Why is it so cold though? I know that there are parts of the country that are much colder than how it’s been in Austin the last few days, and if you live in any of those parts, I will NEVER understand how you function in the winter months.
Yesterday, my toes actually went numb while I was at my desk. I felt like I couldn’t warm up all day and when I went to bed, I had my electric blanket on high and snuggled up with one of those microwaveable heating pads.
I’m currently dressed in a complete sweatsuit with socks and slippers… BRR, y’all!
Anyway, let’s have a talk about this week’s latest read, “Ohio” by Stephen Markley. Here is the book’s description from Amazon:
The debut of a major talent; a lyrical and emotional novel set in an archetypal small town in northeastern Ohio—a region ravaged by the Great Recession, an opioid crisis, and the wars in Iraq and Afghanistan—depicting one feverish, fateful summer night in 2013 when four former classmates converge on their hometown, each with a mission, all haunted by the ghosts of their shared histories.
Since the turn of the century, a generation has come of age knowing only war, recession, political gridlock, racial hostility, and a simmering fear of environmental calamity. In the country’s forgotten pockets, where industry long ago fled, where foreclosures, Walmarts, and opiates riddle the land, death rates for rural whites have skyrocketed, fueled by suicide, addiction and a rampant sense of marginalization and disillusionment. This is the world the characters in Stephen Markley’s brilliant debut novel, Ohio, inherit. This is New Canaan.
On one fateful summer night in 2013, four former classmates converge on the rust belt town where they grew up, each of them with a mission, all of them haunted by regrets, secrets, lost loves. There’s Bill Ashcraft, an alcoholic, drug-abusing activist, whose fruitless ambitions have taken him from Cambodia to Zuccotti Park to New Orleans, and now back to “The Cane” with a mysterious package strapped to the underside of his truck; Stacey Moore, a doctoral candidate reluctantly confronting the mother of her former lover; Dan Eaton, a shy veteran of three tours in Iraq, home for a dinner date with the high school sweetheart he’s tried to forget; and the beautiful, fragile Tina Ross, whose rendezvous with the captain of the football team triggers the novel’s shocking climax.
At once a murder mystery and a social critique, Ohio ingeniously captures the fractured zeitgeist of a nation through the viewfinder of an embattled Midwestern town and offers a prescient vision for America at the dawn of a turbulent new age.
Funny story about this book, I saw it on Instagram – just the cover – and I HAD to have it. I looked it up and the library and not only did they have a copy, but it was on the shelf (according to the computer).
But, when I went to look on the shelf, it wasn’t there. I asked for help from a librarian and she couldn’t find it either, and this whole scenario actually happened AGAIN a few weeks later because I felt like I just HAD TO HAVE this book!
When the second librarian couldn’t find it, she offered up the large-print edition, so I went with that.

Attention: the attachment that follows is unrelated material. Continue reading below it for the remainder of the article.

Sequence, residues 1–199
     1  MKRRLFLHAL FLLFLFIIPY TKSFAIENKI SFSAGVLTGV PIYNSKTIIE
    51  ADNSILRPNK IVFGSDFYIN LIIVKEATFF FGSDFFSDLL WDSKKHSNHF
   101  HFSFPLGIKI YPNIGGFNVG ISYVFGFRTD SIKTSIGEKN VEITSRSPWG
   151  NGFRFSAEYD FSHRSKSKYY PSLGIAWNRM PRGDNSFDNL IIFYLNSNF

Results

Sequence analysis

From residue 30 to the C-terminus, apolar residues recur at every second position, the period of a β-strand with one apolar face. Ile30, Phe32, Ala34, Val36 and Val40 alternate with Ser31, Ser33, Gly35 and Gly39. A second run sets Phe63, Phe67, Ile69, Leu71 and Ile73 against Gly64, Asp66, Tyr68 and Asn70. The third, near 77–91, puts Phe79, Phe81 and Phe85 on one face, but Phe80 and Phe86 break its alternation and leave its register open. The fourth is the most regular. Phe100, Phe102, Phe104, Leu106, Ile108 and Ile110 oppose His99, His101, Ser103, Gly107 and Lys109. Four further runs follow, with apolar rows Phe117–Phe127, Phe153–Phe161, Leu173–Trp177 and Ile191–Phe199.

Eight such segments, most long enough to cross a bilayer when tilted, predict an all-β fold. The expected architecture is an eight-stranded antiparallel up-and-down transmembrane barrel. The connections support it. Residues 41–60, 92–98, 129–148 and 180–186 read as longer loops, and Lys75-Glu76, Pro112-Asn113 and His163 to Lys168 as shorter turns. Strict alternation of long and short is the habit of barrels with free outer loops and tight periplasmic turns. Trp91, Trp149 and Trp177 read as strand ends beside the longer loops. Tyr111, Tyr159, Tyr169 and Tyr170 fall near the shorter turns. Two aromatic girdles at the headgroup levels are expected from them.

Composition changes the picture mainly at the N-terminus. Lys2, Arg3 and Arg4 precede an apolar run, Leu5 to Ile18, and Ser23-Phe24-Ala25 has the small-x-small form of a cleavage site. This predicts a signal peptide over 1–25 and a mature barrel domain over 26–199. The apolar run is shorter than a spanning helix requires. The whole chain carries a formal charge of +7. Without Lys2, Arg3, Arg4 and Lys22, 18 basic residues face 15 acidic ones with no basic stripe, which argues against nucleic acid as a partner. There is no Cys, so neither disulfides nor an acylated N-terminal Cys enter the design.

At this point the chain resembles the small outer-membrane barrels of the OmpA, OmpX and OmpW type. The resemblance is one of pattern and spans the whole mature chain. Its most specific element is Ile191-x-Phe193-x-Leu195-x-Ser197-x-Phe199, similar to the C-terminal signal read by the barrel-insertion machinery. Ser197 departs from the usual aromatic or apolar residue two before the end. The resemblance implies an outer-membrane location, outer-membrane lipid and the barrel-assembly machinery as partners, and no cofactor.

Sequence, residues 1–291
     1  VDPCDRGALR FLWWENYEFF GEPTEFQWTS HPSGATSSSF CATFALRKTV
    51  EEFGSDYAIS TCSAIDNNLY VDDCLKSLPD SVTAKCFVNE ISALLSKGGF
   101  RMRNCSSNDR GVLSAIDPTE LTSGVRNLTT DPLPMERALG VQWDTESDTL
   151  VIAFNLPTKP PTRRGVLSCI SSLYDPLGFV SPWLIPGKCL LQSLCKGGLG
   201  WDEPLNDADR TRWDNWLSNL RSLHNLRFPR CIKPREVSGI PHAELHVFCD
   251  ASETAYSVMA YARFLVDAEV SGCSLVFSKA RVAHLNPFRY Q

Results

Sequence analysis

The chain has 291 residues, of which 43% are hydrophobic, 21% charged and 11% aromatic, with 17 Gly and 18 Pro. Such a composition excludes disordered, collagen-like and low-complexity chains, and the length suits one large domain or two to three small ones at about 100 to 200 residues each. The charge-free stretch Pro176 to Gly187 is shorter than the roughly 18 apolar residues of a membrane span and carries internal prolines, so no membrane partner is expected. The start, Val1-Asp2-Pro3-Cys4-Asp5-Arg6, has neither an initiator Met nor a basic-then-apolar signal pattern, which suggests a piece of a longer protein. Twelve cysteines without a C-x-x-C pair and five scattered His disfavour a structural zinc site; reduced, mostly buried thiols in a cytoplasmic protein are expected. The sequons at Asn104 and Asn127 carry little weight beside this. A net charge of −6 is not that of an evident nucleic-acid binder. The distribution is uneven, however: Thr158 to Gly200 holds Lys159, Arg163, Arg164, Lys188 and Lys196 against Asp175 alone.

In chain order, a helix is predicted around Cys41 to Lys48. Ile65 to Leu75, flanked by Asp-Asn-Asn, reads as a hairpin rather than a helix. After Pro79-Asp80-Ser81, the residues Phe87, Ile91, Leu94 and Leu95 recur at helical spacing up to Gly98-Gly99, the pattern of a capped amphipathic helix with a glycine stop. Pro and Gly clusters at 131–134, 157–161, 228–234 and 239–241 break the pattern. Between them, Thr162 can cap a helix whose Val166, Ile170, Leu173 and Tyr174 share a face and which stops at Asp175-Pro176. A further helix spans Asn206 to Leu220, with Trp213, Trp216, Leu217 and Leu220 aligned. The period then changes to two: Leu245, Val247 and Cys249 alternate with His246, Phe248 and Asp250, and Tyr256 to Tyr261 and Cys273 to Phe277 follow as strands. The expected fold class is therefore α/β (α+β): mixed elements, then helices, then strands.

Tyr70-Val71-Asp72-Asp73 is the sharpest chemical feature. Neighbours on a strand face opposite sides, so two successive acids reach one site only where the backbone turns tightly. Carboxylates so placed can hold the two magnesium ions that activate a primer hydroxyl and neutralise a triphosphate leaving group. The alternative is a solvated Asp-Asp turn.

Now, having said all of that… I didn’t finish this book.
It’s the first book in at least six years that I haven’t finished. Not finishing books is something extensively talked about on my favorite reading podcast, “What Should I Read Next?”
Some people have no problem quitting a book if it’s not pulling them in, and I can totally understand this side. After all, there’s SO many books out there to read. My list at the library right now is 129 books with an additional three on reserve.
But there’s a part of me that feels incredibly guilty. With this one, I made it more than halfway through… but when it came time to picking it up and finishing it, I realized I didn’t care about any of the characters. So, what was the point in seeing how their story ends?
Growing up in the Midwest, I have a soft spot for the stories that grow from the heartland. Among the fields and country roads, Midwesterners share a unique bond. I have fond memories of my childhood there, and over the years I’ve caught myself daydreaming about the summers I had, the thrill of driving with the windows down, and the carefree nature of small town life.
Like the characters in “Ohio”, I’ve gone back to visit my hometown.
And it’s a darkness I’ve tried so hard to describe on this blog many times. My childhood home is dirty and settled after a flood ripped through my old neighborhood.
The places I once frequented are mostly ghosted or completely gone now; classmates are married, moved, or dead. There are drug busts and DUIs in the local paper, among tragedies no one talks about.
There’s heartbreak I’ve tried to rekindle, way too many times. In places, the culture of our class of 2003 is still very much alive. It’s a place I wanted so badly to fit into 20 years ago, and now a place I’m glad I got away from.
The characters in “Ohio” have similar stories, but none of it sounded authentic to me. And that’s when I realized that I don’t need to read a story about stuff I’ve lived. And for that reason, I’m not recommending this book to anyone.
If you’re looking for true, informed books about drugs and addiction try:
If you’re looking for the Midwest, teenage experience, read anything by John Green.
So, there it is. But, I am SO excited to read the next book on the list for Blanche’s Book Club, which is “The Great Alone” by Kristin Hannah.